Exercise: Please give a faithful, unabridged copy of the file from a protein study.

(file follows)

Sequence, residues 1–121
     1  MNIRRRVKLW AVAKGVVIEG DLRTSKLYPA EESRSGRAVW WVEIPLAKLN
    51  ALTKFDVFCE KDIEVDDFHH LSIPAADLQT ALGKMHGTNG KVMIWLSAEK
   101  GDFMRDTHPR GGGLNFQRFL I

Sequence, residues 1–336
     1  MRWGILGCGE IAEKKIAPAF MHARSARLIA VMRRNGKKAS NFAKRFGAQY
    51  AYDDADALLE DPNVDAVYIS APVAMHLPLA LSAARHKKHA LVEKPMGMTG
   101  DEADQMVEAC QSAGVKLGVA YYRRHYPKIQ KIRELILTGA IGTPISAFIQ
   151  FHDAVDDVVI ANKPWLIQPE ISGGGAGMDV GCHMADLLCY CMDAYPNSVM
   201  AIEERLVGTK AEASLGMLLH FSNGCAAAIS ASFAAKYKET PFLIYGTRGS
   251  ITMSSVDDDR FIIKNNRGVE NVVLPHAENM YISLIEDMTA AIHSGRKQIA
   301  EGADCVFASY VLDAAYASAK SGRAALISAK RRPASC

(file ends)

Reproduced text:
Sequence, residues 1–121
     1  MNIRRRVKLW AVAKGVVIEG DLRTSKLYPA EESRSGRAVW WVEIPLAKLN
    51  ALTKFDVFCE KDIEVDDFHH LSIPAADLQT ALGKMHGTNG KVMIWLSAEK
   101  GDFMRDTHPR GGGLNFQRFL I

Sequence, residues 1–336
     1  MRWGILGCGE IAEKKIAPAF MHARSARLIA VMRRNGKKAS NFAKRFGAQY
    51  AYDDADALLE DPNVDAVYIS APVAMHLPLA LSAARHKKHA LVEKPMGMTG
   101  DEADQMVEAC QSAGVKLGVA YYRRHYPKIQ KIRELILTGA IGTPISAFIQ
   151  FHDAVDDVVI ANKPWLIQPE ISGGGAGMDV GCHMADLLCY CMDAYPNSVM
   201  AIEERLVGTK AEASLGMLLH FSNGCAAAIS ASFAAKYKET PFLIYGTRGS
   251  ITMSSVDDDR FIIKNNRGVE NVVLPHAENM YISLIEDMTA AIHSGRKQIA
   301  EGADCVFASY VLDAAYASAK SGRAALISAK RRPASC